It was a fairly close race for first place at the box office this weekend, with Sony's Goosebumps outpacing the third weekend performance of Fox's The Martian. Goosebumps led the way with a $23.62 million debut. The 3D horror comedy starring Jack Black opened towards the lower end of expectations and was off to a solid start with its reported $58 million production budget in mind. Goosebumps was no doubt helped out by the pre-existing fanbase for the R.L. Stine written book series and by the decision to release the film shortly before the Halloween holiday. The film opened 19 percent ahead of the $19.88 million debut of last year's Ouija and 7 percent behind the recent $25.43 million start of The Visit. Given its family audience and the approaching Halloween holiday, Goosebumps is highly likely to hold up better going forward than both of those films did.
Goosebumps opened with $7.35 million on Friday (which included an estimated $600,000 from Thursday evening shows), increased 33 percent on Saturday to take in $9.77 million and is declined 33 percent on Sunday to gross $6.51 million. That placed the film's opening weekend to Friday ratio at 3.22 to 1, which does indicate that the film experienced some relative front-loading for a family film this weekend. Goosebumps received an excellent A rating on CinemaScore, which is a positive sign for the film going forward. The audience breakdown for Goosebumps was evenly split between male and female moviegoers and skewed towards moviegoers under the age of 25 (59 percent).
After comfortably leading the box office for the previous two weeks, The Martian fell to second place this weekend with $21.30 million. The critically acclaimed Ridley Scott directed 3D sci-fi film starring Matt Damon was down 42 percent from last weekend. While The Martian lost a bit of steam this weekend, the film is still performing very well in the bigger picture with a 17-day gross of $143.60 million. That places The Martian 19 percent ahead of the $120.93 million last year's Interstellar had grossed after 17 days of wide release and 15 percent behind the $169.56 million 17-day take of 2013's Gravity. Both comparisons suggest that The Martian is still in good shape to surpass the $200 million domestic mark before the end of its run.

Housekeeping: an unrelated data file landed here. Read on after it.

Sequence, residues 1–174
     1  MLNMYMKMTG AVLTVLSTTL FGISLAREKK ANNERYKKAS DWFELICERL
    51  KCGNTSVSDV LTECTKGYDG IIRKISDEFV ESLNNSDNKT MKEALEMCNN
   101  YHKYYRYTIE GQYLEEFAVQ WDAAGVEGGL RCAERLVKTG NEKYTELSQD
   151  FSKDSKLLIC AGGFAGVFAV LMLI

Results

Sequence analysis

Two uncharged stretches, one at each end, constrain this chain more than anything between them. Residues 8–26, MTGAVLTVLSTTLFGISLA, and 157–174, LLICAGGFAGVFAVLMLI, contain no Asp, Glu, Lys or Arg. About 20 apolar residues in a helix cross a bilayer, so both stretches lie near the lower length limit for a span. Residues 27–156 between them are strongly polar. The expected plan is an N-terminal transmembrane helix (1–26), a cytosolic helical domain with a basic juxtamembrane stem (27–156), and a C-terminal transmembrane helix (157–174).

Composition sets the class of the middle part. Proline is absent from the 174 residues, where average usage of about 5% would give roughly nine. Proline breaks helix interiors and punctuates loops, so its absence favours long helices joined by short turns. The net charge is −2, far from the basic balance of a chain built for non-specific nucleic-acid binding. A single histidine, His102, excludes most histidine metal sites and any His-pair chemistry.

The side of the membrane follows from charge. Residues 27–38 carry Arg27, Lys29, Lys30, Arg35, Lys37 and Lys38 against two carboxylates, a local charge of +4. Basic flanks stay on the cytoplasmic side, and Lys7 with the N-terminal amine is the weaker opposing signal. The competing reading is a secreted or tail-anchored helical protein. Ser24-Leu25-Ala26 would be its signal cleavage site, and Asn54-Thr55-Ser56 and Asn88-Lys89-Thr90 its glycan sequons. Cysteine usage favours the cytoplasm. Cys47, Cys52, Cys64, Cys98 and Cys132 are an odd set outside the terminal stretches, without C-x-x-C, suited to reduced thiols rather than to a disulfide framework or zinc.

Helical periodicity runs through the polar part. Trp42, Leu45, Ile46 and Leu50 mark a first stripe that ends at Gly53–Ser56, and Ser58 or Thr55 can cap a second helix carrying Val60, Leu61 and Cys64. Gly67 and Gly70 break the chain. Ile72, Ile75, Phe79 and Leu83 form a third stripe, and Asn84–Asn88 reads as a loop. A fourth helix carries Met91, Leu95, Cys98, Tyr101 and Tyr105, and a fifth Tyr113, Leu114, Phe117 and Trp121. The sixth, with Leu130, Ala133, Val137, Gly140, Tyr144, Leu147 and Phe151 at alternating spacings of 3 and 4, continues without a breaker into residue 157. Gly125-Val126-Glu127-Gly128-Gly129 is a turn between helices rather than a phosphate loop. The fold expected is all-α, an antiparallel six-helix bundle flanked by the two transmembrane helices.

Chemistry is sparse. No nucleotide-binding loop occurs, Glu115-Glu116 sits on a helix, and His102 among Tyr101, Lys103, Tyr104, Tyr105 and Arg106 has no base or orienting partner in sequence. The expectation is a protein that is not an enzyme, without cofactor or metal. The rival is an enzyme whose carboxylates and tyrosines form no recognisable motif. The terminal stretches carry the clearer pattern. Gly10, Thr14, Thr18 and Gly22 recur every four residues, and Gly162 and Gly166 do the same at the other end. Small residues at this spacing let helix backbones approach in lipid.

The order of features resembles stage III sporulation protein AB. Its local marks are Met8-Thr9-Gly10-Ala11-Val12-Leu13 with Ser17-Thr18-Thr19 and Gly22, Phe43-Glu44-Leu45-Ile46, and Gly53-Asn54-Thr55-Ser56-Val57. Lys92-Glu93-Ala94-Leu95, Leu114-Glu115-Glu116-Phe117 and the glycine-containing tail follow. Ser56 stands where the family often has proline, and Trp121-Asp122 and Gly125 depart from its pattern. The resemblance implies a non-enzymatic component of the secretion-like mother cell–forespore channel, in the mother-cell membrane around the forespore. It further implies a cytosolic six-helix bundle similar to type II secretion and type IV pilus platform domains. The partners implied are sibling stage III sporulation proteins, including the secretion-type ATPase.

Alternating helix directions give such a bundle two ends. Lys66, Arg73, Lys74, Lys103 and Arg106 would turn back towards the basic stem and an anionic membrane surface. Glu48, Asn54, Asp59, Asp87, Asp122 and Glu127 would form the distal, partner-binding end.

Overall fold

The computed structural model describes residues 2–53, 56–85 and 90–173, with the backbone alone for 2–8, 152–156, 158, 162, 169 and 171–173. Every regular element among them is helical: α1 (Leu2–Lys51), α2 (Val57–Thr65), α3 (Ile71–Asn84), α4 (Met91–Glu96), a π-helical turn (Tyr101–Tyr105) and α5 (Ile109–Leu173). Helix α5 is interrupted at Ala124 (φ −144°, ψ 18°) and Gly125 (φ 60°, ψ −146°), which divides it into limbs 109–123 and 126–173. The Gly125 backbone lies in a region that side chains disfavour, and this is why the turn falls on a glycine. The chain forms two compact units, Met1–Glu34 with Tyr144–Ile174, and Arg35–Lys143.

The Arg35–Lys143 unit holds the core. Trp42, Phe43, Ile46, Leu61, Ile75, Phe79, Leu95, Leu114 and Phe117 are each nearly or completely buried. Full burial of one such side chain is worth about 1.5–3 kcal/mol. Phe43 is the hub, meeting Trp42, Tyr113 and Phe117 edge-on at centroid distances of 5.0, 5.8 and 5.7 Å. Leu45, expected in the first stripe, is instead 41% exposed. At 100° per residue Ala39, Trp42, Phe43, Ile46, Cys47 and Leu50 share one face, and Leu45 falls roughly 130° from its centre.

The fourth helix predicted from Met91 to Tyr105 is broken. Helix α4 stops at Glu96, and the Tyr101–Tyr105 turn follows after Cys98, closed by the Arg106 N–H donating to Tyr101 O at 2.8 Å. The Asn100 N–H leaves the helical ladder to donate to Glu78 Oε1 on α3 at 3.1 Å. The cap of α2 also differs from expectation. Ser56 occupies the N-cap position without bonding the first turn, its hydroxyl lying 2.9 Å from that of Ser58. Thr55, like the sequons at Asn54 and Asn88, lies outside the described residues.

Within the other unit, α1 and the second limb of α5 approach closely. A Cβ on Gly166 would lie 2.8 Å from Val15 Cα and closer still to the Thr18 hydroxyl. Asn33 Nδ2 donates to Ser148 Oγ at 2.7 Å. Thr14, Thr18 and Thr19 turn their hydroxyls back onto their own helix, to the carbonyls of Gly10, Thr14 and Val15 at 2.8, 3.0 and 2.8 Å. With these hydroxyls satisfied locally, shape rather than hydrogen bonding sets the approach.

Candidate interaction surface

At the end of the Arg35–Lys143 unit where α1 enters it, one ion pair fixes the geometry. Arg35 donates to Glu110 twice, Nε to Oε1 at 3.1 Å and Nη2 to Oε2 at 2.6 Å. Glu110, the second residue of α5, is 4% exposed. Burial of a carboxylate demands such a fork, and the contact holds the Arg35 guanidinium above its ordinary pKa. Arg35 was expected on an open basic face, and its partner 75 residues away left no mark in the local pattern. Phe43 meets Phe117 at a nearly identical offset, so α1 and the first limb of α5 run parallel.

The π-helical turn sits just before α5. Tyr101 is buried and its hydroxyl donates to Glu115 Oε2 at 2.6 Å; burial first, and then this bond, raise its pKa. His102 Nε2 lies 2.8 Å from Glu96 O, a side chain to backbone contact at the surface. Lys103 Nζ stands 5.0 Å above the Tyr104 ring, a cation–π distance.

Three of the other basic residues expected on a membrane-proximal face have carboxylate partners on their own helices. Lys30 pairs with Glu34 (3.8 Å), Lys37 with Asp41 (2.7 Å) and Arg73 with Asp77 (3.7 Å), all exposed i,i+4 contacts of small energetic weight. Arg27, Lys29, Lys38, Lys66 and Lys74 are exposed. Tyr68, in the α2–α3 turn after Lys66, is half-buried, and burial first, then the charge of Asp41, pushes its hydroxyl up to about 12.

Disney and DreamWorks' Bridge of Spies debuted in third place this weekend with $15.37 million. The critically acclaimed Steven Spielberg directed thriller starring Tom Hanks debuted on the low end of its relatively modest expectations, which had been held in check by the film's Cold War setting and by the current high level of overall competition for adult audiences. Bridge of Spies opened 19 percent below the $19.05 million start of 2004's The Terminal, which represented the last theatrical collaboration between Spielberg and Hanks. Given its strong critical reviews and that Spielberg's films usually display strong holding power; it is likely that Bridge of Spies will be in store for a lengthy box office run.
Bridge of Spies started out with $5.37 million on Friday (which included an estimated Thursday night take of just $500,000), increased 15 percent on Saturday to gross $6.19 million and decreased 38 percent on Sunday to gross $3.82 million. That gave Bridge of Spies an opening weekend to Friday ratio of 2.86 to 1. Like Goosebumps, Bridge of Spies also received a strong A rating on CinemaScore. The audience breakdown for Bridge of Spies skewed slightly towards male moviegoers (53 percent) and extremely heavily towards moviegoers over the age of 25 (89 percent).